The evidence appears to contradict this denial. In the preface of "Introspection Rundown," (HCO Bulletin, January 23, 1974RA) Hubbard made the claim, "I have made a technical breakthrough which probably ranks with the major discoveries of the Twentieth Century." (p. 346) He claimd to have "solved" the problem of a person with a "psychotic break."

His revolutionary technique involves isolating the person wholly, to destimulate them, including "complete muzzling" (no speech even from attendants). The patient is to be given vitamins and minerals (B complex, calcium and magnesium). Also, part of the Introspection Rundown is a concept called "Objective Havingness."

Records of Lisa's isolation at Ft. Harrison indicate every element of Introspection Rundown occurred, including a bill sent to Lisa's relatives which listed a $240 charge for "Expansion of Havingness" tapes, five days before her death. (St. Petersburg Times, February 21, 1997, p. 12A)

This is a common procedure that is it likely to have happened in McPherson's case. A large number of Scientologists reportedly have been subjected to this forced isolation technique as a matter of policy. One report revealed that a number of Scientology family members kept a mentally disturbed woman in confinement. Like Lisa, the woman was incoherent and had scratches on her legs, wrists and neck. (Los Angeles Times, January 13, 1990)

In a London newspaper, The Independent, are listed several eye witness accounts of Introspection Rundown being administered to several Scientologists between 1991 and 1993 resulting in significant harm to them. (January 31, 1994, p. 17)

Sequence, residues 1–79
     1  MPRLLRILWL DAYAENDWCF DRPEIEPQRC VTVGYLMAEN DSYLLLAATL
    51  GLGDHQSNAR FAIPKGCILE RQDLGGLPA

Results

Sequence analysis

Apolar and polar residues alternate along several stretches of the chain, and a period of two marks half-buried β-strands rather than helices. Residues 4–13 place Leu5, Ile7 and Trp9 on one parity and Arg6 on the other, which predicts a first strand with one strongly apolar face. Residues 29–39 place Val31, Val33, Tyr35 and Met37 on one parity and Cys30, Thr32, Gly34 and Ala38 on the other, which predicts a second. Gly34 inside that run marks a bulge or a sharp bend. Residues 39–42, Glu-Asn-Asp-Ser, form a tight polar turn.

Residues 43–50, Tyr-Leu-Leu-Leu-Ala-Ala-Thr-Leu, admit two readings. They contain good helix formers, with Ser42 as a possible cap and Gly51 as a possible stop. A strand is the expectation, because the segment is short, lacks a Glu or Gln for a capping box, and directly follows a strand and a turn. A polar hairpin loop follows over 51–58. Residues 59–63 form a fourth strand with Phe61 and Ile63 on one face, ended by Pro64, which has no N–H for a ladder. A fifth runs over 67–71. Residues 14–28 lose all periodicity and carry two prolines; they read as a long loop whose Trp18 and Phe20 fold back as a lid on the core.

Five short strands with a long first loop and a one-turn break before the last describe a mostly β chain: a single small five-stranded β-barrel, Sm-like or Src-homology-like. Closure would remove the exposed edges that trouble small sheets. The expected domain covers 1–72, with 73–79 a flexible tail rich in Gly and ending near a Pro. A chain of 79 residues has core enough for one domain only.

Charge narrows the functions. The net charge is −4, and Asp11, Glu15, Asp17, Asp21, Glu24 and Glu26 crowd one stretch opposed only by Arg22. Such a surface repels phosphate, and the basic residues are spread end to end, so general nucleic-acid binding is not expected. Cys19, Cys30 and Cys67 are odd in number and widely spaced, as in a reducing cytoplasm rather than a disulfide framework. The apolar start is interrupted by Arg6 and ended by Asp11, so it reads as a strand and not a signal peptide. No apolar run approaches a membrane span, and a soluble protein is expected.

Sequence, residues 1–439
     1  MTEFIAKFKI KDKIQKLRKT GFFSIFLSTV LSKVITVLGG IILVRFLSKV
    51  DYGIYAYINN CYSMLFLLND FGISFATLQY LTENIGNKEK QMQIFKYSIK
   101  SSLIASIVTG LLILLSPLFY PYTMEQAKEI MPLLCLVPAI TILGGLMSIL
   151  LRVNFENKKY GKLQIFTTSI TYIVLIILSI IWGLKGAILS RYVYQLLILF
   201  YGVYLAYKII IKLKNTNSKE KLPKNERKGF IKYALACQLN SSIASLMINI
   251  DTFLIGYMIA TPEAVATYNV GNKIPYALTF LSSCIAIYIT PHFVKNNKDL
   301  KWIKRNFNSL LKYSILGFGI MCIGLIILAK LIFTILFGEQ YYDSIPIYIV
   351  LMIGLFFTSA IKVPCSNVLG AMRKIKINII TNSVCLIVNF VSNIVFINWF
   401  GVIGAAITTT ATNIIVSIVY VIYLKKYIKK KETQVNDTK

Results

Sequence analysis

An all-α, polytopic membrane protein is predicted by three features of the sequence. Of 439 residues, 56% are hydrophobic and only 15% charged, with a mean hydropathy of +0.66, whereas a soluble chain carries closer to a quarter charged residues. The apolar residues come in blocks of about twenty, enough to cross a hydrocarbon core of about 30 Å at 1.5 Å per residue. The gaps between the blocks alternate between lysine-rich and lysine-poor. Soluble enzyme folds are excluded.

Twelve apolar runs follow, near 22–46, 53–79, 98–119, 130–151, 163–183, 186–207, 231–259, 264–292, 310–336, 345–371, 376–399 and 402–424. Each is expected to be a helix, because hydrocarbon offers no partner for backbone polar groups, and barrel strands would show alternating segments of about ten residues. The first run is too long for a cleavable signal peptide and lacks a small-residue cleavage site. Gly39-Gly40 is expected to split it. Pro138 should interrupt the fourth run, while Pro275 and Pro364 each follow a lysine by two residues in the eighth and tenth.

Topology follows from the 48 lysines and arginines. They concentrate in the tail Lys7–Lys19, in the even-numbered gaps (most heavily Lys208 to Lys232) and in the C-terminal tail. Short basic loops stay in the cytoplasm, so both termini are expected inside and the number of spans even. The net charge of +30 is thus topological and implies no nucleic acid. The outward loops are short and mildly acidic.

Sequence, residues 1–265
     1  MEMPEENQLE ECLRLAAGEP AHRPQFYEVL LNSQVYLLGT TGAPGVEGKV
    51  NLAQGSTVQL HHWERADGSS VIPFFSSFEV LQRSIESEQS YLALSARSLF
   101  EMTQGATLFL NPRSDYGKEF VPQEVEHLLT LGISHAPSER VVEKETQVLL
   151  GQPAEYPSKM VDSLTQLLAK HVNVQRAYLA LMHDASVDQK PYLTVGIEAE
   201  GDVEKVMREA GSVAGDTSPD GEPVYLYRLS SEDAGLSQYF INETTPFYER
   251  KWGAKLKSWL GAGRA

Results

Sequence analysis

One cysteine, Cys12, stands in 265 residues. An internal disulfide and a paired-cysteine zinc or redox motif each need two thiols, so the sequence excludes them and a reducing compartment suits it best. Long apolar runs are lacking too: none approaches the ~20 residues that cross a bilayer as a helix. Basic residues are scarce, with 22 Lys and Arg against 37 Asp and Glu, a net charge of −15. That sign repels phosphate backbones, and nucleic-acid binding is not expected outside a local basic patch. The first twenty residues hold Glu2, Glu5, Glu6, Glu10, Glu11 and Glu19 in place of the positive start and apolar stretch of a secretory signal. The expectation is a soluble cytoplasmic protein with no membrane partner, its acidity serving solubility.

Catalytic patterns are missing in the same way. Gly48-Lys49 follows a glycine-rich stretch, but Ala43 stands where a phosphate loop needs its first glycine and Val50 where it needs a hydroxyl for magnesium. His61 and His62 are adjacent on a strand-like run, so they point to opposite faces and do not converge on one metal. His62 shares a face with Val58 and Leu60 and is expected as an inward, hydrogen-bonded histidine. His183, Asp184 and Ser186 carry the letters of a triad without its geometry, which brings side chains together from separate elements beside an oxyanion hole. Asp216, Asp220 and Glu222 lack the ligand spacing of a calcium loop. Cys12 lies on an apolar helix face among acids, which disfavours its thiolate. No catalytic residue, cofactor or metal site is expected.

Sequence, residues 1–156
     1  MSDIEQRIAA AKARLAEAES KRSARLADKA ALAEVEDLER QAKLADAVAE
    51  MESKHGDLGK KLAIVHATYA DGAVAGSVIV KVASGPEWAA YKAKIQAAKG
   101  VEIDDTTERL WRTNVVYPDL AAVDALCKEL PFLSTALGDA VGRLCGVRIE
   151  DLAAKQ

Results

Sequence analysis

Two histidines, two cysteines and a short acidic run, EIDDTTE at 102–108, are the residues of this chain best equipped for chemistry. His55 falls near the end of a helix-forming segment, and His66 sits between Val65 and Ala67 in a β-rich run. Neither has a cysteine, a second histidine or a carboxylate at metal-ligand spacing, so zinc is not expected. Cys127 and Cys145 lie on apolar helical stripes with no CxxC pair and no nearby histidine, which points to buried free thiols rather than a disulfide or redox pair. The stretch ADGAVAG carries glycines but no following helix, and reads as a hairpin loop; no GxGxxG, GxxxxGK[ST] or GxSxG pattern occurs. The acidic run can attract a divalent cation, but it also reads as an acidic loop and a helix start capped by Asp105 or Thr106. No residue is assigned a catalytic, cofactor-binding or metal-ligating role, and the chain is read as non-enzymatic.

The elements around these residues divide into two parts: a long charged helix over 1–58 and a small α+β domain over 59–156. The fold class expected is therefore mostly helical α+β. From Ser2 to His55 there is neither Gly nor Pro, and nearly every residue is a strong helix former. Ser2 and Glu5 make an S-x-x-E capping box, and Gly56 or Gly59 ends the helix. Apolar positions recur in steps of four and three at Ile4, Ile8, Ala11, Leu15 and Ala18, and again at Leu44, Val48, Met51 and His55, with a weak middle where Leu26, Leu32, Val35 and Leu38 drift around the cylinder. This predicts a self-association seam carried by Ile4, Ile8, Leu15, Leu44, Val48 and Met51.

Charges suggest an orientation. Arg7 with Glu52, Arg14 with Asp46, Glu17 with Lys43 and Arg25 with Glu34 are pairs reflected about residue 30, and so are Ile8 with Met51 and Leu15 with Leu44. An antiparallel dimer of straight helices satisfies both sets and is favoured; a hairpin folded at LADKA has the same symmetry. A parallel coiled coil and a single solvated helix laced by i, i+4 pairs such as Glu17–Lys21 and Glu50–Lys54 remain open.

Dr. Bob Geary and his wife Dorothy became involved in Scientology through its front organization, Sterling Management. Five months later they had paid $200,000 to the church and Mrs. Geary "wound up requiring hospitalization after being held captive for more than two weeks by Scientologists in California." (Akron Beacon Journal, January 21, 1990, p. A1)

Geary claims to have been isolated in a cabin, "a victim of sleep and food deprivation and was pushed against walls and onto a bed" if she tried to escape. They said that she needed to "give them more money and that I needed to be alone." (Ibid., p. A4) There are many other reports like these.

There is no reason to think the Scientologists at Ft. Harrison would not follow the policy or the pattern set in the cases above with Lisa McPherson. And her case is becoming even more problematic for Scientology. In a recently concluded deposition, David Minkoff, the Scientology doctor to whom Lisa McPherson was delivered dead, admitted that he had never seen Lisa before, and that Scientology medical liaison Janice Johnson-Fitzgerald had mischaracterized Lisa's condition to him prior to her arrival at the hospital.

Minkoff has achieved the highest Scientology level, OT8, and is therefore supposed to have the highest level of ethics on earth. Yet he confessed to writing a prescription for valium (another Scientology taboo) for fellow Scientologist David Houghton at Ft. Harrison, knowing all the while it was for Lisa McPherso.n (phone interview with attorney Ken Dandar)

For more complete details of this ongoing case visit the Lisa McPherson Memorial web site.


For more information on the New Age and Postmodernism movements, please visit our web catalog; or click here to order a free information packet.